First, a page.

Treatment for phimosis usually includes applying a steroid cream to the foreskin daily. Taking pain relievers may also help, and in some cases, a doctor may suggest circumcision.

Paraphimosis is similar to phimosis, but is instead a condition where people are unable to pull the foreskin forward over the tip of the penis. It is a serious condition that requires immediate medical attention.

Additional symptoms can include:

  • pain in the penis
  • swelling in the tip of the penis
  • the head of the penis turning a different color, such as blue or red

Treatment for paraphimosis involves reducing the swelling at the tip of the penis to allow the foreskin to return to the correct position. If doctors cannot achieve this, they may make a small incision to reduce the swelling. In some cases, people may need circumcision.

People may experience pain in the penis due to a sexually transmitted infection (STI). This term describes infections that people may acquire following sexual activity or intimate physical contact.

Often, a person may experience no symptoms from an STI. However, some symptoms that individuals with a penis may notice can include:

  • painful ejaculation
  • discharge from the penis
  • sores, lumps, or blisters around the genitals
  • burning or itching sensation, such as when urinating
  • pain around the pelvis
  • frequent urination

Treatments for STIs can vary depending on the underlying cause. For example, they may involve antibiotics for bacterial STIs, such as chlamydia, gonorrhea, and syphilis, or antivirals to treat symptoms of viral STIs, such as herpes.

If bacteria enter the urinary tract, it can cause a urinary tract infection (UTI). They are more common in females, but they can also affect males. Generally, these infections are quite common, with some evidence suggesting they are the second most common type of infection in the body.

In addition to penis pain, symptoms of a UTI in males may include:

  • pain or a burning sensation when urinating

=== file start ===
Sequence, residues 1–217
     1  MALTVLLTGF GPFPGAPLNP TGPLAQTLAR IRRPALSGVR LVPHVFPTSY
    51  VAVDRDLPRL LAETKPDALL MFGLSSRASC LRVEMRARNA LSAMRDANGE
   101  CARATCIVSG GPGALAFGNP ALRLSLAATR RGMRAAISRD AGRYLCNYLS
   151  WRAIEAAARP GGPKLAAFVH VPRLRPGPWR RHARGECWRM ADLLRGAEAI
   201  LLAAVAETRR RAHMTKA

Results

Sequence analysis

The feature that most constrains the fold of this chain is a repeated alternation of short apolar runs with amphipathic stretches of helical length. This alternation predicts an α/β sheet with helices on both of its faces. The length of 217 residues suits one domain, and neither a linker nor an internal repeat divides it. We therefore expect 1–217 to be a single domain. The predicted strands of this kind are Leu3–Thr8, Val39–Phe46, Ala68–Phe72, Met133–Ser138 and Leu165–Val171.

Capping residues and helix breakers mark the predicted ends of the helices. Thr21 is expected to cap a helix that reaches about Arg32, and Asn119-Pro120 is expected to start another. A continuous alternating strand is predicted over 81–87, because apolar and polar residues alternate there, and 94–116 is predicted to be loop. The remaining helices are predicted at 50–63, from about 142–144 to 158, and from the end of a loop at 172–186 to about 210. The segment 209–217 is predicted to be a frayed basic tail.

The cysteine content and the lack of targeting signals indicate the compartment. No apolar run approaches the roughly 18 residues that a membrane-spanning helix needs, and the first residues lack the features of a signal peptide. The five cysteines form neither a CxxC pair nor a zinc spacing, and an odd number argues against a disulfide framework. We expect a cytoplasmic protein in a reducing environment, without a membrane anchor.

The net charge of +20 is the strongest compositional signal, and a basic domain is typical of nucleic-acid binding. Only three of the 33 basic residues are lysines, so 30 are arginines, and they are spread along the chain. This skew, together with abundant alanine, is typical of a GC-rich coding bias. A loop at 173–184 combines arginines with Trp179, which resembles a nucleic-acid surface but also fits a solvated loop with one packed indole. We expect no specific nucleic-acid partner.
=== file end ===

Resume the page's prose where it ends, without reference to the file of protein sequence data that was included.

• feeling the need to urinate when the bladder is empty
  • a frequent urge to urinate
  • blood in the urine

A doctor will usually prescribe a course of antibiotics to treat a UTI.

Urethritis is a lower UTI that may occur when an STI leads to inflammation of the urethra, the tube that carries urine from the bladder through the penis. Causes of urethritis include:

  • bacteria
  • viruses
  • injury
  • reaction to spermicides or contraceptive lotions

Symptoms may include:

  • an itchy, tender, or swollen penis
  • a frequent urge to urinate
  • burning sensation when urinating
  • discharge
  • pain during sex or ejaculation

A doctor will usually prescribe antibiotics to treat urethritis.

Prostatitis is a common prostate problem that describes inflammation of the prostate. This can cause pain in the penis and pelvic area. Bacterial infections, nerve inflammation, and injuries can all cause prostatitis.

Symptoms of the condition can include:

  • pain or burning when urinating
  • blood in the urine
  • pain in the penis, testicles, or bladder
  • painful ejaculation

Treatment will vary depending on a person’s symptoms and the cause of inflammation, but it will typically involve a course of antibiotics. Pain relief medication, prostate massage, and hot compresses can also help ease symptoms.

Pain in the penis can sometimes be a symptom of penile cancer, although it is more likely to result from another condition. People should speak with their doctor if they notice any of the following symptoms:

  • changes to the color or thickness of the skin of the penis
  • a lump or crusty bumps on the penis
  • bleeding ulcers
  • bleeding or discharge under the foreskin
  • swelling at the head of the penis
  • lumps under the skin in the groin area
  • a rash on the penis

Treatment for penile cancer may include:

  • surgery to remove tumors in the penis
  • circumcision to remove the foreskin
  • radiation therapy to destroy cancer cells
  • chemotherapy
  • immunotherapy

Many different conditions can cause penis pain. A doctor can help identify the cause of the pain by discussing a person’s other symptoms.

People could also lower their risk of developing a penile health condition by:

  • maintaining a healthy lifestyle
  • keeping good personal hygiene
  • using a condom during sex

If a person experiences persistent or severe penis pain, they should speak with a doctor.